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Halloween has come and gone, but that doesn’t mean the buggy-eyed kids from Costume Quest have turned in their costumes just yet. In fact, the halflings have decided to ring in the New Year by stopping another one of their friends from being eaten by monsters.
You see, there are monsters that are even badder than the Grubbins from the first go-around, and these uber-bad monsters are oppressing the poor Grubbins and making them feel like second-rate citizens. And during the monster’s favorite holiday, Yeti Fest! The kids volunteer to help in exchange for candy - presumably the whole “kidnapping and nearly eating your twin on Halloween” thing is ancient history. Which just goes to show, kids will trust anyone with candy.
Mostly Grubbins on Ice serves as a slight extension of the first game. There are really no new game mechanics - the flaccid turn-based combat is the same, the witty dialogue is the same, the knocking on doors and receiving candy-currency is the same – heck, even most of the costumes are the same. Double Fine obviously vowed not to fix what wasn’t broken, but their attempt to play off the stale “trick or treating” segments as “invoking a revolution” segments is more futile than efforts by Lindsay Lohan’s defense attorney.
So why spend your hard earned five bucks? Partly because Grubbins on Ice is still tons of fun. Costume Quest hasn’t lost its magic touch, and GoI adds length to the wonderful game, which was already a tad on the short side. Plus, Costume Quest’s best costumes are in GoI. Transforming the kiddies into eyeballs, pirates, and yetis to take down monsters is still greatly rewarding, even if you’re not too sure why they’re still wearing costumes in the first place.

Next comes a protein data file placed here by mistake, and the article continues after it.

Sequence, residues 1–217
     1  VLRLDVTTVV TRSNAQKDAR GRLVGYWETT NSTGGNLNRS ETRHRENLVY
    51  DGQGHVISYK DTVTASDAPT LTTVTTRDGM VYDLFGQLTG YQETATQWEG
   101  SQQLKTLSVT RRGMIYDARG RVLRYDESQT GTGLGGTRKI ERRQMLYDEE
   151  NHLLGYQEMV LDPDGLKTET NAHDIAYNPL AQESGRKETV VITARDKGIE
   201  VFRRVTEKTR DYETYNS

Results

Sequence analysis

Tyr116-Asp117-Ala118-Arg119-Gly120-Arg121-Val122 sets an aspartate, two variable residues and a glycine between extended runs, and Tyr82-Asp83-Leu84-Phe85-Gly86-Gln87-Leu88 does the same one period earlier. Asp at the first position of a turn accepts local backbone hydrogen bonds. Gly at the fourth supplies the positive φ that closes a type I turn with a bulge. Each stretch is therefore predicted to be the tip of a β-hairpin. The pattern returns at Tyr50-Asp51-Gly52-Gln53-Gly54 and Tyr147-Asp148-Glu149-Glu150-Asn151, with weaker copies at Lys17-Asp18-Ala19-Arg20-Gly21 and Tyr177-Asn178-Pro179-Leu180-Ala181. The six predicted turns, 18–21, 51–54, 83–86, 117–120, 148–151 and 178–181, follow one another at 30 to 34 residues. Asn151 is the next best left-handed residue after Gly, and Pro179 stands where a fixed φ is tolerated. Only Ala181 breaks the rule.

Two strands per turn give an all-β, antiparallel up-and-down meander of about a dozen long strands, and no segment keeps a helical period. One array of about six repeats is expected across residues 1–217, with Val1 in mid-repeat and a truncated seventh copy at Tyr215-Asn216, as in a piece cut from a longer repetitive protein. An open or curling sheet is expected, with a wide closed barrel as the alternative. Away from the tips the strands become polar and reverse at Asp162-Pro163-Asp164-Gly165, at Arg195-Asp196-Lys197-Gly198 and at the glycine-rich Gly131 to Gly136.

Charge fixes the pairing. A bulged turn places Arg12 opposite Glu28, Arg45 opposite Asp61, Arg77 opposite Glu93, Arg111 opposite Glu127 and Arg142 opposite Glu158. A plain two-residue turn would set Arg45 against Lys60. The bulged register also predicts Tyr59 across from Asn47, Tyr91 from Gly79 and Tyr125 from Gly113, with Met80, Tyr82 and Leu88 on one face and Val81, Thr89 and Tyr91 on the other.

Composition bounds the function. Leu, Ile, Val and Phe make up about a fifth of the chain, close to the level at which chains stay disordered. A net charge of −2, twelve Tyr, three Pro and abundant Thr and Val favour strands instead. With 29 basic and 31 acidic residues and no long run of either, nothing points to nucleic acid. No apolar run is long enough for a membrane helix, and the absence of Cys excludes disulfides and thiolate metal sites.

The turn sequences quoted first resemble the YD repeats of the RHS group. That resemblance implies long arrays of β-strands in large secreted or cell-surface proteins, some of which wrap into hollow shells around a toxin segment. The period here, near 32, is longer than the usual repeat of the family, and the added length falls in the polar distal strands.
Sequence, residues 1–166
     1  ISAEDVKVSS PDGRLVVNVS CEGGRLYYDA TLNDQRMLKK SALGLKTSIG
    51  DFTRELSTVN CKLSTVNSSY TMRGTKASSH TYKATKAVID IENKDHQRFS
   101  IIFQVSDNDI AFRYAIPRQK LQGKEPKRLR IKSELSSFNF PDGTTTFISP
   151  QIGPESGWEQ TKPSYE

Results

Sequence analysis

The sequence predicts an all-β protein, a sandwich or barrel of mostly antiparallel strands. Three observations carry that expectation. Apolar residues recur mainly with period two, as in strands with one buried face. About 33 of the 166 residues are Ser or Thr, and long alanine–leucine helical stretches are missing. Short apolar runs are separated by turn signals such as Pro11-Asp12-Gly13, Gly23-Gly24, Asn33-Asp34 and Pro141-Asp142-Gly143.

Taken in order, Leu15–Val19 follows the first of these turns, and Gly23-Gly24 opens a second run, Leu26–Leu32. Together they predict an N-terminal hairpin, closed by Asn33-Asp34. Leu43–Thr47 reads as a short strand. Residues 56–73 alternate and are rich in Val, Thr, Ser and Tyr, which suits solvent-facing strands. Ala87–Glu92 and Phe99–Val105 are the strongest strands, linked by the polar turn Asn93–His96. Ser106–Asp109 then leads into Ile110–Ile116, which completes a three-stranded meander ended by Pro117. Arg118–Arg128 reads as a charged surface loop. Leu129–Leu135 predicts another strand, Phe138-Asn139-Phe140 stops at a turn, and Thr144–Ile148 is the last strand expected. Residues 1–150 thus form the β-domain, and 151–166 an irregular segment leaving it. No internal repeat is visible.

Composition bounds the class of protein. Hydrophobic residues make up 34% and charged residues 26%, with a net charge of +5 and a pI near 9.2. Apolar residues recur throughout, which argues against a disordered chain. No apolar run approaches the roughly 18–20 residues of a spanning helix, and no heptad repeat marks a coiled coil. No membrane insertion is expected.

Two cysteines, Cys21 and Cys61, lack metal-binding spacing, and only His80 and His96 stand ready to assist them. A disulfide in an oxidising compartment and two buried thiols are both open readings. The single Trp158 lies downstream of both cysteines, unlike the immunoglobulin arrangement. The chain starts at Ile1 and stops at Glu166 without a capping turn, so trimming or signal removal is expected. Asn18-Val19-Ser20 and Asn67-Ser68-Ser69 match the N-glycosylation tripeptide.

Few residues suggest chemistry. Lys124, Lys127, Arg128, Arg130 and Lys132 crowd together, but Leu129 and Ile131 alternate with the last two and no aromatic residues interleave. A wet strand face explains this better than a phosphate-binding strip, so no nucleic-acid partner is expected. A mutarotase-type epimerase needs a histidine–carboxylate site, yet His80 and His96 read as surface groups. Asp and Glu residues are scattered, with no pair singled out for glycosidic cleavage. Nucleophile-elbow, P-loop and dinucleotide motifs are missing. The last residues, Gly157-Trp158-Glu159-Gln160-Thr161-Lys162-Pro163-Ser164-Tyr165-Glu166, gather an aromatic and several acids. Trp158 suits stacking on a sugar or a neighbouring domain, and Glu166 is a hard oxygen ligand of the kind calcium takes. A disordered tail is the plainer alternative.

The game has been prepared with the same polish that made Costume Quest such a blast (despite an early glitch that switched the characters we had picked and nearly forced us to play the whole game as the girl twin). Mostly the game will have Costume Quest fans wanting more, and not just more DLC. There are serious kinks to be ironed out, especially the turn-based fighting, but once those issues have been addressed we wouldn’t hesitate to pick up a $60 retail copy of Costume Quest 2.
For now, the game’s saving grace is it’s price - at a paltry $5, it only costs about a buck for every hour of play. And twenty bucks for both is a real treat even months after Halloween and Yeti Fest have passed.
Jan 12, 2011
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